Monday, January 7, 2019

Miniature Monday - Deathwatch Redemptor Dreadnought


Today we're going to be taking a look at a big boy. The newest Dreadnought in the playground, the Primaris Redemptor Dreadnought.

This guy was the first model of my Deathwatch to be painted, other than a test model from a while back. For being a large model he painted up really quickly. The same can't be said for build time though. This model is the standard version and oh holy hell is it an intricate build.

Let's take a look!


Let''s address the elephant that is the non-easy build Redemptor, right away.

The Redemptor Dreadnought is a slog to build. It's not that it's a hard build, the instructions are some of the best I've seen for a GW kit. The model is just super intricate with a lot of moving parts. It took me roughly 2.5-3 hours to build, I'm not sure if this is the average or if folks have built them faster. But it did make me hold off buying a second one.

That said, this is one sexy dreadnought and the pictures on Games Workshop's website don't do it justice.

When it first released I liked what I saw, but it seemed to have a bit of a pot belly thing going on. Over time I fell more and more out of love with it, but when I decided to go all Primaris for my Deathwatch I realized that I needed to pick one up.

It wasn't until it was fully assembled that I in love with it again. But now I really like the look of it.

As I mentioned before, I had done a test mini for the Deathwatch. That mini was painted with black and grey for the armor. But after painting up all the Death Company for a Blood Angels commission, I couldn't bring myself to paint greys on the Deathwatch.

Instead I went with a mix of Stegadon Scale Green and Black. I had planned on doing a greenish blue armor, but forgot how blue Stegadon Scale Green is. It was a happy accident though as I am totally in love with this scheme now.

One issue I had while painting him was balancing the silver sections with the black sections.

As he's Deathwatch he has a silver left arm and shoulder. He also has silver mechanicals under his armor. I knew I wanted the left chest plate to be silver and it posed a problem for him, thanks to the grenade launchers on his belly. Those things are mostly silver and broke up the black armor quite a bit, in a weird way.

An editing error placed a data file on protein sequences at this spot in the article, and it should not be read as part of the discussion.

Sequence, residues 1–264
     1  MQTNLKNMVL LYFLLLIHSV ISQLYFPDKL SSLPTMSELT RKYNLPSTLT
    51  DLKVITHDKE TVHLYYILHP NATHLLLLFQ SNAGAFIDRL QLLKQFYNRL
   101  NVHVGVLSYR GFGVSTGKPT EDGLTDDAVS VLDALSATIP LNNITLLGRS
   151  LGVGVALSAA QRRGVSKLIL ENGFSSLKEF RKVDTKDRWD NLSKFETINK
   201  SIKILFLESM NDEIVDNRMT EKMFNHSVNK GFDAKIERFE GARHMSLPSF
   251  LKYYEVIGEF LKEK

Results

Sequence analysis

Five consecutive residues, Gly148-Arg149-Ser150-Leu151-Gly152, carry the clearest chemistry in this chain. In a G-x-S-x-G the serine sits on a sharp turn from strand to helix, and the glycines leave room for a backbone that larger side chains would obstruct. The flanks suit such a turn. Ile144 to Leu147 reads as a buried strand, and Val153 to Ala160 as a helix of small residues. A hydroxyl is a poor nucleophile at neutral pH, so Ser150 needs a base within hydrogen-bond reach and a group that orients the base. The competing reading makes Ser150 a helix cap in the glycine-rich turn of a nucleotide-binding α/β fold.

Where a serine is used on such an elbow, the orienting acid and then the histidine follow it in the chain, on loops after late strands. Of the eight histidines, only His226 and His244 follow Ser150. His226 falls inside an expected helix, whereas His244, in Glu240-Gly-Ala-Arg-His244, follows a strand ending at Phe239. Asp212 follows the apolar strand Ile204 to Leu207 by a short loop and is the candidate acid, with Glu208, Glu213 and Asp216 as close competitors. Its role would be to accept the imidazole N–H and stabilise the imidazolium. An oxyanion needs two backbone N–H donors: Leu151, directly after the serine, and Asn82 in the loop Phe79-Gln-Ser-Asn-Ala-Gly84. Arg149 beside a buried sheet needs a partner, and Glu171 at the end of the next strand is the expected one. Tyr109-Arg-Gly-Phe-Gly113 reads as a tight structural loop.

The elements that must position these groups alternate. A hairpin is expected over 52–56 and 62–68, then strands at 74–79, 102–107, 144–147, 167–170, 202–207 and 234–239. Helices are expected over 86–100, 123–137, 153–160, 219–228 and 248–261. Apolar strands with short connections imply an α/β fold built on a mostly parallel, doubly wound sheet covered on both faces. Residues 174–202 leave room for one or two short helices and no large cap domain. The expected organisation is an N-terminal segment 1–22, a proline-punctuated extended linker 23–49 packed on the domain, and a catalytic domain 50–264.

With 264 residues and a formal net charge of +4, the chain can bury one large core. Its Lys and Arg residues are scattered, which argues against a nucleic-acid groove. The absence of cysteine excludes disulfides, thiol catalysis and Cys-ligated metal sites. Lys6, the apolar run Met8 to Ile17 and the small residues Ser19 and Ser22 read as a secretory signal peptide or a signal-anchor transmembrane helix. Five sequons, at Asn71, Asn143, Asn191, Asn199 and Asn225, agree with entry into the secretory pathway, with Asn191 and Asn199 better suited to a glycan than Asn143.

It was a quandary.

Luckily I was able to solve it by painting the ends of the grenade launchers as black armor. This, coupled with the other armor shrouds in the center of the body, fixed the color balance issue nicely.

One of my favorite touches on this model is the Macro Plasma Incinerator.

For the plasma coils I painted them with a touch of Lit glow in the dark pigments. After playing with the Lit for a bit I knew that I can't use it as a full coverage paint, but as an accent it works pretty nicely. Also once it is washed with green tone it blends the glow paint into the rest of the paint job and looks like a a regular highlight. Which means it doesn't look like there's some strange paste build up on it.

But, that's pretty much it for now, this guy was a really fun model to paint.

Until next time, you can catch me on Twitter and Instagram. Check out YouTube for the Let's Paint series and other videos.

If you like what I do and want to support the site and my painting endeavors, you can do so over on Ko-fi. All it takes is $3 and it's much appreciated. Also, you can buy The Brush Wizard shirts and such over on my Teespring shop, where you'll find a growing selection of shirts and other goodies that help support art education in Detroit!

Thanks for reading!










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